African Grey Parrot for sale,the African parrot is one of the most popular pet birds with an amazing ability to talk. This fabulous bird is not only handsome, but is also an inquisitive, interactive and charming companion. Their personality and intuitive nature will amaze and delight you, and their antics will amuse you to no end. These are very intelligent social creatures, making them an excellent pet for a devoted parrot owner.
Caring for an African Grey Parrot
The African grey bird is a medium to large-sized parrot that needs adequate living space. Minimum cage size should have a 2-foot by 2-foot footprint and 3 feet in height. Larger cages are preferable. Without plenty of interaction and training, an African grey parrot may become depressed and exhibit self-mutilating behaviors, such as feather-plucking.
These birds thrive when they have lots of opportunities for playing with toys, interacting with their owners, and learning words and tricks. Expect to spend several hours each day interacting with and training your African grey,many owners report that African grey parrots enjoy having television or radio playing when they are left alone.
These bird are said to be somewhat sensitive and easily affected by stress and commotion,they are more relaxed if the cage is placed in a quiet corner of the room rather than in the center.
Diet and Nutrition of African grey parrots
The best food for an African grey in captivity is a high-quality, formulated pellet supplemented with fruits such as pomegranate, organic mango, and melon. Also, provide fresh vegetables, including leafy greens like arugula, watercress, kale, sprouts, and healthy seeds such as hemp and flaxseed. You can pre-make chop, a salad for birds, that will help keep your African grey parrot healthy and thriving.
Many African grey also enjoys a variety of treats and snacks, such as nuts and healthy table foods like steamed green beans, breakfast toast, and salad. Offer you bird a half cup of pellet-based parrot mix and a 1/4 cup of fruits and vegetables daily and adjust the quantity according to their appetite. Remove and discard all uneaten fresh food by the end of each day.
African Grey Behavior
African Grey Parrots are highly intelligent, inquisitive, and love to interact with people and objects. Yet they have a long life span, it can be 50 years (or more) in captivity. Many of the available pets being are only a generation or two away from their wild counterparts. They still have their wild nature intact and can be unpredictable at times. Their many qualities that make them desirable pets also require a special commitment from their keepers of regular one-on-one interaction and on-going training.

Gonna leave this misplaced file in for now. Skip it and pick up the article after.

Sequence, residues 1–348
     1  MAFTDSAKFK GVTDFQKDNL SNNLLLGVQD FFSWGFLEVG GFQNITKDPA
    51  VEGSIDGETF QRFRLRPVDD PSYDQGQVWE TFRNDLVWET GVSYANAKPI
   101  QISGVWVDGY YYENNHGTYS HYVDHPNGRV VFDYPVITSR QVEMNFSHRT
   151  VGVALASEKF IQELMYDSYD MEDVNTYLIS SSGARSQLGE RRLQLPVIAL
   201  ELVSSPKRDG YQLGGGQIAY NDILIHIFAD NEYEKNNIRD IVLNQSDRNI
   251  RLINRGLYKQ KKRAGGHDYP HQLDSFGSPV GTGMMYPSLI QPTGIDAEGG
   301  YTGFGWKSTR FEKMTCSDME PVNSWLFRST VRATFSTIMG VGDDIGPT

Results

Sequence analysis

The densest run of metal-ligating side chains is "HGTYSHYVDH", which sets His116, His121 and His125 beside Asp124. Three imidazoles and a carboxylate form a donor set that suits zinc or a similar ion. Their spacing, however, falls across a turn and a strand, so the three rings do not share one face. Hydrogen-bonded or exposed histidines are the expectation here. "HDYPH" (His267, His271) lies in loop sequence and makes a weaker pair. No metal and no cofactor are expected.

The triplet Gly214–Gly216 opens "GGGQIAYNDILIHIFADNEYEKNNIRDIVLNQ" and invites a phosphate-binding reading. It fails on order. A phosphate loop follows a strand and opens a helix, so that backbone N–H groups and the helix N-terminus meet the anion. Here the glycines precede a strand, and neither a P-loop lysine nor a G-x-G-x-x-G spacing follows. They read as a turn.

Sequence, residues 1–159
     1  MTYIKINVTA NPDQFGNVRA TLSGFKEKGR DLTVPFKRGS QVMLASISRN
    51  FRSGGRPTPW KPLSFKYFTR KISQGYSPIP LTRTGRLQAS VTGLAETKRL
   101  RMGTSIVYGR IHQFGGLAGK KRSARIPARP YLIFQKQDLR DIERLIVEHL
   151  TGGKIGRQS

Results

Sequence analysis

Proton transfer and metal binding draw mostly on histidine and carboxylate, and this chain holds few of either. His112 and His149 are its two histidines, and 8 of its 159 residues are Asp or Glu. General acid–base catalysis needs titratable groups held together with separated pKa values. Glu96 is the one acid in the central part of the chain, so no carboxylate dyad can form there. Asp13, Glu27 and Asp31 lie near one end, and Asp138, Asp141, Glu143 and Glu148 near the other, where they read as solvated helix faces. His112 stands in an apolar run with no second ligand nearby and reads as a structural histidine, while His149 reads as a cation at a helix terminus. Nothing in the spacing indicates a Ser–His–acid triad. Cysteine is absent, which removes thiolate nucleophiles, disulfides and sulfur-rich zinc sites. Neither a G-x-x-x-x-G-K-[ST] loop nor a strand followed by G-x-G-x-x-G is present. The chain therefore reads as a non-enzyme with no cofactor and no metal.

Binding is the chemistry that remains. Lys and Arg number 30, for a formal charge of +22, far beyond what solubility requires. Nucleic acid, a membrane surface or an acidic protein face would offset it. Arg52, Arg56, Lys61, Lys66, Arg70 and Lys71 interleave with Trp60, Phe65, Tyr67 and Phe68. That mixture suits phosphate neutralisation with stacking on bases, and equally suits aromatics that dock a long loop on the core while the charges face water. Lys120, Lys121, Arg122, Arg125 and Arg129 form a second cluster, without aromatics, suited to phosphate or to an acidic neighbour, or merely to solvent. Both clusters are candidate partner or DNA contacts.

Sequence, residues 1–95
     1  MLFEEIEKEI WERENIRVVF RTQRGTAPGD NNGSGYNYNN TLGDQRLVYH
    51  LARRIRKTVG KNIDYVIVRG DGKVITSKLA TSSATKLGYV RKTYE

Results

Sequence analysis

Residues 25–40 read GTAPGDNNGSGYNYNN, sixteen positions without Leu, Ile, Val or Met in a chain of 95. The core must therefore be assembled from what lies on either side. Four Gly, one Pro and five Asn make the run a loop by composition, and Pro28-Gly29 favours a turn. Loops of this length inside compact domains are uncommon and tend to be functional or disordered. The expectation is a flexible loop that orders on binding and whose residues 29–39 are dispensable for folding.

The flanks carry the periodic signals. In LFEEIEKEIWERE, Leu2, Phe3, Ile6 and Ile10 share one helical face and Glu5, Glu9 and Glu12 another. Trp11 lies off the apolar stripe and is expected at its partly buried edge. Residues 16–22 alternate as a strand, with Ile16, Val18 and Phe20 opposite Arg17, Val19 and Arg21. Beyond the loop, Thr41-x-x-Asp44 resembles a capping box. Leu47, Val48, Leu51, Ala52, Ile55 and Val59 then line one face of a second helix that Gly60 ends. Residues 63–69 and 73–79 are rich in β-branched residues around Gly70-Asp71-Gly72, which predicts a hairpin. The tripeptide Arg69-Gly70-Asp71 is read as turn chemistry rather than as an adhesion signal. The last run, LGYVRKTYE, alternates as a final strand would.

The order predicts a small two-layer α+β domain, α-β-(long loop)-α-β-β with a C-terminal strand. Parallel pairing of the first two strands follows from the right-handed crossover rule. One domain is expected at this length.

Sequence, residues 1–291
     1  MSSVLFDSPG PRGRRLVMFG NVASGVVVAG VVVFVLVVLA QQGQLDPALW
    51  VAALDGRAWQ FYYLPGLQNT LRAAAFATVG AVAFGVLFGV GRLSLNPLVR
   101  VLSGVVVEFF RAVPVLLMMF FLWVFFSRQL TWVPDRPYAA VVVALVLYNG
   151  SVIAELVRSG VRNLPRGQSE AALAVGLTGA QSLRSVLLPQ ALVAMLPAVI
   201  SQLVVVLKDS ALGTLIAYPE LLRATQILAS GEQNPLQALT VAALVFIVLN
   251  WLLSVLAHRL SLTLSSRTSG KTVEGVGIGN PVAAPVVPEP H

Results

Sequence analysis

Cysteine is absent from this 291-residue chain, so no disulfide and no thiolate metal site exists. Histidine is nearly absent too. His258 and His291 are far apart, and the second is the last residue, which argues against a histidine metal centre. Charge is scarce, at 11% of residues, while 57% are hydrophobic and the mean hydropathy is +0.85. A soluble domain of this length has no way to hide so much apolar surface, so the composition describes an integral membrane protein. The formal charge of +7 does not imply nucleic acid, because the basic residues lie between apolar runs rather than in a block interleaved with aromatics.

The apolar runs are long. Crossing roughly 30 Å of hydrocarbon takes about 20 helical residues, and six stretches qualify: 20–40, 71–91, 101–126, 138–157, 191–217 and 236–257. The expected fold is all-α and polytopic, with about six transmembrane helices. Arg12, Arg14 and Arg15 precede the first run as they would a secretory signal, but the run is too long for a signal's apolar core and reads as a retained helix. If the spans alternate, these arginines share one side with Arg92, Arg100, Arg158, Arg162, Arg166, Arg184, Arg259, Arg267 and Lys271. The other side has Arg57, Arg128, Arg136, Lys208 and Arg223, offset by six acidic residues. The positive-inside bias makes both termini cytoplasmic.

The African Grey Parrots make very loyal and devoted companions, but they are not for everyone. Being a caretaker of an African Grey is not easy. They require lots of love, time, patience and effort to build a relationship. Being somewhat shy and cautious by nature, they are reserved with new people and objects. They tend to sit back and watch before giving of themselves freely. They are also are very intuitive to emotions, so are best approached in a calm manner. Once your Grey is comfortable and trusts you, you are on your way to a lifelong friendship.
An African Grey will need frequent interaction and playtime outside of their cage. Their cage needs to be large, and they need a lot of toys that are safe as well as destructible. They have a habitual nature and develop a strong bond with their family.
To have a well-adjusted African Grey, they should to be exposed to different situations and handling by different people while they are young. They require ongoing attention by their keepers and stimulating interaction with various types of toys. This will help them cope more successfully whenever changes occur, being less fearful and timid, and more social.
African greys are the most intelligent of the parrot species. Many grow to be extremely sweet and affectionate toward their owners, and the species is known for being quite sociable.
However, an African grey that is bored or neglected is an unhappy bird. A depressed or angry bird will screech its discontent. You must provide the bird with lots of mental stimulation.
A highly intelligent bird is also a complex bird. Although it is very social and demands interaction, it is not necessarily a cuddly bird. Some of these birds tend to become “one-person” birds, even if owners make every effort to socialize them with all members of the family.